Gene mutation information may improve prognostic models for myelodysplastic syndrome
Including genetic mutations in the current revised International Prognostic Scoring System (IPSS-R) can improve the risk stratification of patients with myelodysplastic syndrome (MDS) and help in identification of patients requiring more aggressive treatment, a recent study has shown.
Multivariate Cox proportional hazards regression analysis showed that aside from older age (relative risk [RR], 1.024; 95 percent CI, 1.014–1.034; p<0.001), mutations in the CBL (RR, 2.292; 1.164–4.513; p=0.016), IDH2 (RR, 1.957; 1.045–3.665; p=0.036), DNMT3A (RR, 1.571; 1.028–2.401; p=0.037), ASXL1 (RR, 1.557; 1.040–2.329; p=0.031) and TP53 (RR, 9.524; 6.067–14.950; p<0.001) genes were independent and significant predictors of poor overall survival (OS; WHO-based Prognostic Scoring System). [Blood Cancer J 2018;8:39]
In contrast, lower IPSS-R scores independently predicted a good OS prognosis (RR, 0.306; 0.208–0.450; p<0.001). The median OS for the cohort was 30.9 months over a median follow-up period of 43.2 months.
Compared to those without, participants with at least one poor-risk mutation (41.8 percent) had a significantly higher risk of leukaemia transformation (5-year rate: 61.7±7.1 percent vs 22.1±4.1 percent; p<0.001) and shorter median OS (15 vs 69.9 months; p<0.001).
Notably, in each IPSS-R risk subgroup, patients with these poor-risk mutations had poorer survival than other members in the same subgroup who did not have the mutations. For instance, molecular information reclassified 22.9 percent of those in the very low/low-risk to the intermediate-risk subgroup.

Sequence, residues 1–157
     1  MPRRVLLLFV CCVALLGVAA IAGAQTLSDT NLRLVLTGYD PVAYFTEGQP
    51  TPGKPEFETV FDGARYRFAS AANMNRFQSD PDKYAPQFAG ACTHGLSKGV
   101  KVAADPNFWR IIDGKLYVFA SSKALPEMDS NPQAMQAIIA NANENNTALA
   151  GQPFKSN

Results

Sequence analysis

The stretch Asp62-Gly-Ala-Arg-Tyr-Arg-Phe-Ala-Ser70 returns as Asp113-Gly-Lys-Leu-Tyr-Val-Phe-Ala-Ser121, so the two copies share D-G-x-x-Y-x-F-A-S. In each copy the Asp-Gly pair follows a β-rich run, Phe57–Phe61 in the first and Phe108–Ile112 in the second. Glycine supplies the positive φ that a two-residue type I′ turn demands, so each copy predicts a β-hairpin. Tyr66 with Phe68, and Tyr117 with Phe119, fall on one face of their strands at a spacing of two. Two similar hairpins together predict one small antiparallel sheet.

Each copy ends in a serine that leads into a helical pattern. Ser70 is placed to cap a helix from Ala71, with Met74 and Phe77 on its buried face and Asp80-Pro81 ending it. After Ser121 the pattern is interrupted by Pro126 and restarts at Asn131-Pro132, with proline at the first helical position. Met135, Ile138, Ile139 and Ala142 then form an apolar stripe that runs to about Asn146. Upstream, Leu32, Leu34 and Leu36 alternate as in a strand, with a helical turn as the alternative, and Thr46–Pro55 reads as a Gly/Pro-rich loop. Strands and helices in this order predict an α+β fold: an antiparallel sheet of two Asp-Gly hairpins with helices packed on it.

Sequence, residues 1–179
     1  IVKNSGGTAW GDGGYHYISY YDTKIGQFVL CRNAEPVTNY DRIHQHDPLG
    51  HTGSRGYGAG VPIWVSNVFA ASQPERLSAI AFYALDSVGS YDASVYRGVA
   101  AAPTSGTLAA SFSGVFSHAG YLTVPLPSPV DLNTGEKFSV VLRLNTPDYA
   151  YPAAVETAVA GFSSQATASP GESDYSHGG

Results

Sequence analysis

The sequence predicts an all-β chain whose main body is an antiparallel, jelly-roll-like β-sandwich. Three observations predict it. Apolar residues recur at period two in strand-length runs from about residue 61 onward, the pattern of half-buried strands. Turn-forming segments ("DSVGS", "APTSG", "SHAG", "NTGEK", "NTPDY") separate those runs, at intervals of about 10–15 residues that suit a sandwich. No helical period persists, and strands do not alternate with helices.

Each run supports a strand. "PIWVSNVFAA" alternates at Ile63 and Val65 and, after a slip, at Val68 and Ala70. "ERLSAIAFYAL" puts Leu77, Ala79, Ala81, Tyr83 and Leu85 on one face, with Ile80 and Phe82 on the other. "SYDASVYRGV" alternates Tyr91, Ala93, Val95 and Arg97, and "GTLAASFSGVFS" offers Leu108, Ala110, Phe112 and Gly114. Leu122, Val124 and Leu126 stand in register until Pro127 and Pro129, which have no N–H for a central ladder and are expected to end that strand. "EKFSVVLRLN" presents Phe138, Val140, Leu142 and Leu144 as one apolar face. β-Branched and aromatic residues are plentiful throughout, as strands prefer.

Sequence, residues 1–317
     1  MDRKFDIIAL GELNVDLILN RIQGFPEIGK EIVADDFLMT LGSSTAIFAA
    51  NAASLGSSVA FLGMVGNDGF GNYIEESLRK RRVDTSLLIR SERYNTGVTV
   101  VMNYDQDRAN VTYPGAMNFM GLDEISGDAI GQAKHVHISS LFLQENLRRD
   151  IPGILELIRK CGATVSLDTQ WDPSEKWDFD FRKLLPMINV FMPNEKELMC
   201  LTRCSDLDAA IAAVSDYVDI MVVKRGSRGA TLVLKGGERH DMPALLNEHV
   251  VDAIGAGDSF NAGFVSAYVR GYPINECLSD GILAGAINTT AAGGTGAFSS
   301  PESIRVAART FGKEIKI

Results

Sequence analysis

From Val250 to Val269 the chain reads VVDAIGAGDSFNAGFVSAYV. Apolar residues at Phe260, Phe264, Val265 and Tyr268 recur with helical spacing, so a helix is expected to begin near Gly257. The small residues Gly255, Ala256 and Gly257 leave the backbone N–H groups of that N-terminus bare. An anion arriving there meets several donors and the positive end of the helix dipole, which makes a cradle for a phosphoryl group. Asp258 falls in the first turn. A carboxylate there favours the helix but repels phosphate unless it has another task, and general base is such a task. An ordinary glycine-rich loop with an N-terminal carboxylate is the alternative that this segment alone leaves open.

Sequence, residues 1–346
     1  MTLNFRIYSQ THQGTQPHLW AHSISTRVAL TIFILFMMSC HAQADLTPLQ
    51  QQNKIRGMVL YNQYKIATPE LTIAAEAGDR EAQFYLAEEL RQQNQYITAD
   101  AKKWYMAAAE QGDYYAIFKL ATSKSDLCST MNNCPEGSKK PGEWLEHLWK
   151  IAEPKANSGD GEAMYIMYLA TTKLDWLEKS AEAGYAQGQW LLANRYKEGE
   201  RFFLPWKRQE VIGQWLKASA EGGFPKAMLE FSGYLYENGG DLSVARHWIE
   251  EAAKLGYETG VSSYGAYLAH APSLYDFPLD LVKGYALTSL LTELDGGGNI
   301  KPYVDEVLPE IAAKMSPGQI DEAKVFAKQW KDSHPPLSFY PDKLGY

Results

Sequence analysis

This upwards reclassification was further observed in 31.5 percent of the intermediate-risk subgroup and 53.8 percent of the high-risk group, who were deemed to be of high-risk and very high-risk, respectively, after taking genetic mutation information into consideration.
Researchers observed a similar trend of worse OS outcomes in those with vs without a poor-risk mutation within the same 2016 (WPSS) subgroup.
“Patients with these poor-risk mutations had an OS worse than others in the same IPSS-R or 2016 WHO subgroup, but similar to those in the next higher risk subgroup. These findings explain the clinical heterogeneity in the same IPSS-R risk groups,” said researchers.
“The incorporation of the status of these poor-risk mutations into the survival analysis would be especially helpful to identify patients with poorer prognosis for more aggressive treatment in the rather heterogeneous group of patients with lower risk MDS defined by conventional scoring systems,” they added.
For the present study, bone marrow cells were collected from 426 adult patients with primary MDS (median age at diagnosis 67 years). Only those with complete clinical, mutational and cytogenetic information were eligible. Following DNA extraction, mutational analysis of 25 relevant genes was performed.
The WPSS and IPSS-R are international prognostic models designed to facilitate the classification of MDS patients according to risk, and to aid in making clinical decisions. However, recent discoveries pertaining to genetic alterations that may also affect patient survival have yet to be included in these prognostic systems, noted researchers. [J Clin Oncol 2007;25:3503-3510; Blood 1997;89:2079-2088; Blood 2013;122:3616-3627]
“Because the median survival and risk of leukaemia transformation vary widely in the MDS patients, even in the same IPSS or IPSS-R group, it is prudent to identify novel prognostic markers to make the prediction more accurate,” they added.